Monday, September 05, 2011

Farmers are fracking alarmists?

Try reading this without laughing: “Coal seam gas (CSG) companies including Shell, Origin Energy and PetroChina have backed a public-relations campaign to dispel "alarmist" claims about the sector. The sector on Sunday launched a "We want CSG" campaign, saying it would show how CSG was providing much-needed opportunities for regional communities throughout NSW and Queensland at a time of economic insecurity. The campaign is backed by some of Australia's largest energy companies including AGL and Santos, and major foreign investors such as British Gas and ConocoPhillips, the Australian Petroleum Production and Exploration Association (APPEA) said in a statement."Our strong community feedback is that people want CSG," APPEA chief operating officer for eastern Australia Rick Wilkinson said. "They're increasingly frustrated that until now, the loudest voices in Australia's energy debate have largely been alarmist and their claims unsubstantiated. "This campaign marks the re-emergence of a fact-based energy security debate in Australia and gives voice to the many Australians who want new jobs, cleaner energy, and the revitalisation of regional communities that comes with the gas industry's expansion."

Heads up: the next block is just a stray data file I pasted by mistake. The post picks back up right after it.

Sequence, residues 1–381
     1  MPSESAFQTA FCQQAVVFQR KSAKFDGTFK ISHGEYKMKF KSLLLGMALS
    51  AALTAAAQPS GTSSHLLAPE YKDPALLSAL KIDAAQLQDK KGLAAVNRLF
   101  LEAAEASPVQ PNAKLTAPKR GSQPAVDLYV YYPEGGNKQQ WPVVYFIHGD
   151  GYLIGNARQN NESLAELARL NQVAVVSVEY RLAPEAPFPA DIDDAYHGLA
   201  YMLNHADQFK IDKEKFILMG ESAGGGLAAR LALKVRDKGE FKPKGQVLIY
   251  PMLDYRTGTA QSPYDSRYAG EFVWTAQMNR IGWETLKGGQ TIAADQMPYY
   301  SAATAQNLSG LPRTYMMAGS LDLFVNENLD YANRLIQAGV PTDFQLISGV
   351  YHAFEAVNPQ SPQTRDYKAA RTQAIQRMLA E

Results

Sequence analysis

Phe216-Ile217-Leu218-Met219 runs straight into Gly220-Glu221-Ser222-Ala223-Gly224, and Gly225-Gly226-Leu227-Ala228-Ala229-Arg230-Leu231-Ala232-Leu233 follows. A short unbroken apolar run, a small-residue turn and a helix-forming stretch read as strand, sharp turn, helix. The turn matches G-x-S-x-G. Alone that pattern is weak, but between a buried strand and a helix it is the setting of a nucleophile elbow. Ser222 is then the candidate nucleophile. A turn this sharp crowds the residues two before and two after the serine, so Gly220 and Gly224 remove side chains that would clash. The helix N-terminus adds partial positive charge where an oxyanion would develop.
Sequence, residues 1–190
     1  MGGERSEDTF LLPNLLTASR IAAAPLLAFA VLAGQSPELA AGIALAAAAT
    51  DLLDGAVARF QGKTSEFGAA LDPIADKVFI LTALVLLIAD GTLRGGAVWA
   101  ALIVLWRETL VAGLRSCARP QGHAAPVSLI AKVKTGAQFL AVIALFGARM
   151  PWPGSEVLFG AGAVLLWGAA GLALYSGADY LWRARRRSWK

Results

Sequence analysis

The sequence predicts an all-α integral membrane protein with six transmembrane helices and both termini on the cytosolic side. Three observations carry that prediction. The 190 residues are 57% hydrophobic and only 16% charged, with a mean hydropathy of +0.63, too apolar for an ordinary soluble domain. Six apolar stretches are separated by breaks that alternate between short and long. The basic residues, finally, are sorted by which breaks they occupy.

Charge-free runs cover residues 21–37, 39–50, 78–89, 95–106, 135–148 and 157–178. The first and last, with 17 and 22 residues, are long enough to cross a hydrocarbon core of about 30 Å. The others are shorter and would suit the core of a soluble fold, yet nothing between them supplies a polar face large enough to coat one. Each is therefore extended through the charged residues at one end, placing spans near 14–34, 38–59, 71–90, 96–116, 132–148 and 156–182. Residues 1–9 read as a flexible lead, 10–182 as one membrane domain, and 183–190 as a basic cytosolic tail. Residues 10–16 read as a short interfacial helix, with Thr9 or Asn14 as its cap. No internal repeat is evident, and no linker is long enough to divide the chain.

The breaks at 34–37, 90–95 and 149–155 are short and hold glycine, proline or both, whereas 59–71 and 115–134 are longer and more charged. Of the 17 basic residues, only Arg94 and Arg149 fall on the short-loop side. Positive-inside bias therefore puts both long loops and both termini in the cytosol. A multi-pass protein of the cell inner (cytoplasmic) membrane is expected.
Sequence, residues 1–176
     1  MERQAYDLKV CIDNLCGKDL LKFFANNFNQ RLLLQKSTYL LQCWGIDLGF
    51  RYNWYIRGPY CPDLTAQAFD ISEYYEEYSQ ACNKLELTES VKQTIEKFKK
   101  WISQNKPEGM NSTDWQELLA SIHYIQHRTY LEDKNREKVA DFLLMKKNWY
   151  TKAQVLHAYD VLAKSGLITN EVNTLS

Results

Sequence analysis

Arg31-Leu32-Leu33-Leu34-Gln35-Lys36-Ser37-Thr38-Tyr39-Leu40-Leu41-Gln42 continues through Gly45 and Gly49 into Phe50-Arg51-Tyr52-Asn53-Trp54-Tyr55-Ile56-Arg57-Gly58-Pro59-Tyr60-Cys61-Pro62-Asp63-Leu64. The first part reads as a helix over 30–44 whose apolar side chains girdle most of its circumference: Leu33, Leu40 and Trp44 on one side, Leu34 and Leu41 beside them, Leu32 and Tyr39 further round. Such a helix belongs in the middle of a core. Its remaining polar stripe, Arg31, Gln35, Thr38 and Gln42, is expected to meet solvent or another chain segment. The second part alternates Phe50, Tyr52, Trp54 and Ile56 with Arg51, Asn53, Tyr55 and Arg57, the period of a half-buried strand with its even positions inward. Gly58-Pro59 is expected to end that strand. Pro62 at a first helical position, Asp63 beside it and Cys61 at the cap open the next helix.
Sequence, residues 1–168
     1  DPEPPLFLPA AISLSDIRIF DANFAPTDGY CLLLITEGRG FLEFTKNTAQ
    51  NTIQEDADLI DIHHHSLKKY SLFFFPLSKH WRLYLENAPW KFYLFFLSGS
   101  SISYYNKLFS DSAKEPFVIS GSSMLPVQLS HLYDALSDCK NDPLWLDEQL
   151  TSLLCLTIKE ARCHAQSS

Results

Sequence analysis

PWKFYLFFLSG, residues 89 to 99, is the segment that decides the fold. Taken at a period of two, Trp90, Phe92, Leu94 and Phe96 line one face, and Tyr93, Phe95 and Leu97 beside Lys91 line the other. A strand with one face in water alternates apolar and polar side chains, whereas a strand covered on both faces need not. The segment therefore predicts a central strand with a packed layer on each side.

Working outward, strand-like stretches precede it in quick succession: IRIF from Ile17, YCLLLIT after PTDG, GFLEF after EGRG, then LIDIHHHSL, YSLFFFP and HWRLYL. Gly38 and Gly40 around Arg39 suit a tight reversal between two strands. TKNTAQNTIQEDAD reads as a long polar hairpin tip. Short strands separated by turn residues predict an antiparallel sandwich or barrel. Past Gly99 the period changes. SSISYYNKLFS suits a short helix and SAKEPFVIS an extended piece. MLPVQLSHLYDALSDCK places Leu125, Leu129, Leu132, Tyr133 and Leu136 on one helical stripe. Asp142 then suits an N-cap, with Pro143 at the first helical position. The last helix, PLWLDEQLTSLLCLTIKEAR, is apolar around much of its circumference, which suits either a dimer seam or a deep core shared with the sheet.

(Thank you, CLimate Spectator)

COMMENT: Is "people want CSG" one of the facts in the "fact-based energy security debate"?IT appears that only the farmers getting fracked don't like it. So proximity determines attitude. Given the widespread ambitions the frackers have for democratising the experience, at some stage people wont want CSG. Everyone will have been fracked. Let the debate begin.

Do we have to frack the farm for prosperity?

On 'the revitalisation of regional communities that comes with the gas industry's expansion', there is an alternative to laying waste to the landscape and poisoning the water in the name of energy security: carbon farming. Restoring soils, regenerating farm landscapes, and revitalising regional communities while reducing emissions and reducing the CO2 overload. Trading farm-based offsets starts officially in November. That's why the central theme of this year's Carbon Farming Conference (28-29 September, Dubbo NSW) is 'preparing farmers to trade'. See

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